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Village level innovation: The next big thing

Last updated on: January 18, 2012 12:42 IST

Village level innovation: The next BIG thing

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Rajni Bakshi

Over the last twenty years it has even more passionately been argued that the future of India depends on rapid expansion on four fronts, writes Rajni Bakshi.


A brilliantly innovative rural woman entrepreneur was honored with the 19th Jankidevi Bajaj Award in Mumbai last week. Such awards are usually a celebration of altruistic social work that happens in little corners of the society.

But there is a greater need to ask in what ways these success stories are relevant for the economy as a whole.

Rashmi Bharati, this year's winner, has revived a traditional craft of weaving and natural dyeing in the Kumaon hills of Uttrakhand. Avani, the enterprise that Bharati co-founded with her husband, is doing value addition for the local mulberry bushes which were otherwise being harvested and taken long distance for sericulture elsewhere in the country.

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Image: Avani village.


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Avani's work is closely akin to the village industries visualized by Mahatma Gandhi and promoted by his co-workers like Jankidevi Bajaj, wife of the industrialist and philanthropist Jamnalal Bajaj.

Since Independence we have fallen into the habit of celebrating such ventures as something that must necessarily happen on the fringes of the modern economy - but are not particularly relevant for growing the Gross National Product (GNP).

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Over the last twenty years it has even more passionately been argued that the future of India depends on rapid expansion on four fronts: modern industrial production; assimilation with global money markets; celebrating the primacy of money profits; inclusion of the entire population into this ethos.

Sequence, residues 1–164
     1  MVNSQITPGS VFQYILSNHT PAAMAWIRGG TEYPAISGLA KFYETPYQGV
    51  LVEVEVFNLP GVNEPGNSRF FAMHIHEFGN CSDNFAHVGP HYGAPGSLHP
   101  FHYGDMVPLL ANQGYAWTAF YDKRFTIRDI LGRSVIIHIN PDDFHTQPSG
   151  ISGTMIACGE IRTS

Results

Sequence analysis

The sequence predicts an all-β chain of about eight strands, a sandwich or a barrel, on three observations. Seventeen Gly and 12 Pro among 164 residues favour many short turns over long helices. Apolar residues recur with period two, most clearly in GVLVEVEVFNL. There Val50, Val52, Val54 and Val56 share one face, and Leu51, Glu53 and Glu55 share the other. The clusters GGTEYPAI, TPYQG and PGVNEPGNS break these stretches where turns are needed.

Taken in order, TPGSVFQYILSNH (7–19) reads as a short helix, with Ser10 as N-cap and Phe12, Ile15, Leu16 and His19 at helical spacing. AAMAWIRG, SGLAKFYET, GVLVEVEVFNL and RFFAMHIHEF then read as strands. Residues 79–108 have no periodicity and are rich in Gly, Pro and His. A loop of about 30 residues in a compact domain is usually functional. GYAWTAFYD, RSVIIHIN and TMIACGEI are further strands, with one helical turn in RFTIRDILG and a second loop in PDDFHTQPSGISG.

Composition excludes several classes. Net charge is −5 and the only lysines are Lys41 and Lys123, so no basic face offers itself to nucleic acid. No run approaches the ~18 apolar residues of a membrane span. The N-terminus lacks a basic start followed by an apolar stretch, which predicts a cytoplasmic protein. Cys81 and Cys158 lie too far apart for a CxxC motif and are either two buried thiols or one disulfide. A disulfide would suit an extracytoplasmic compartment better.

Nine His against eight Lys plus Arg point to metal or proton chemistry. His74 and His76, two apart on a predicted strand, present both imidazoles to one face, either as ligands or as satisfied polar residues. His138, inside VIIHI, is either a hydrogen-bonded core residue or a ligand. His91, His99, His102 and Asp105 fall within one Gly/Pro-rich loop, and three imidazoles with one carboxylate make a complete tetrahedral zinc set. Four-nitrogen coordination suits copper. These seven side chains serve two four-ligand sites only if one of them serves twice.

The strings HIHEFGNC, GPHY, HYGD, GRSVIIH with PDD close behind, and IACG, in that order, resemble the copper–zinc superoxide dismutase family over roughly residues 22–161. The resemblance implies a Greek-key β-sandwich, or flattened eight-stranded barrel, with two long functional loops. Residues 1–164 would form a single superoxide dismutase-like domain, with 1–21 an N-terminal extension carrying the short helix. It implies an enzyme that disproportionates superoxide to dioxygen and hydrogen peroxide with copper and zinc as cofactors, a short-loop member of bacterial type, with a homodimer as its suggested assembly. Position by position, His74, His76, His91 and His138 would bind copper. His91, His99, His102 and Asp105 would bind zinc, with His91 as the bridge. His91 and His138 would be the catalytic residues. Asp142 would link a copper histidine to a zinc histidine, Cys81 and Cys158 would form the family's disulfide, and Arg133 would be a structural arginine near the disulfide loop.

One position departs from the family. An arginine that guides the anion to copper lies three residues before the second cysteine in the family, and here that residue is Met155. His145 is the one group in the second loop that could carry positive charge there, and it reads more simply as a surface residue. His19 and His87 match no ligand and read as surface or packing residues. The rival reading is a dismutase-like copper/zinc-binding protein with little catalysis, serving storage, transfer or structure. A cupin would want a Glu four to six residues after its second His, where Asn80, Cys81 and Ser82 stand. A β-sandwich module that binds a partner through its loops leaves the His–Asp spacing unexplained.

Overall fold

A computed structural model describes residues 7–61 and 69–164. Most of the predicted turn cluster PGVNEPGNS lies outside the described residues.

In this context, the Gandhian emphasis on simplicity and thoughtful, rather than manic, consumption has been rejected as being backward.

And yet it is possible that our future is unfolding quite outside this stereo-typed contrast of traditional vs. modern, handicrafts vs. mass production, Gandhian vs. Wall Street.

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There is now a subtle movement towards a more wholesome view of what it means to be a player in the marketplace.

Yes we tend to be greedy in some situations but greed is not necessarily our most defining characteristic.

As we all know from every day life experiences - we are all simultaneously greedy and generous, competitive and cooperative, harsh and compassionate.

These different facets of our nature are brought forth to varying degree - depending on the social, economic and cultural structures within which we find ourselves.

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Enterprises like Avani manifest this in multiple ways.

Their sericulture and weaving ventures are fostering ecological regeneration, enhancing skills at the village level in ways that are generating livelihoods for women and all this is creating products of great beauty as well as monetary value.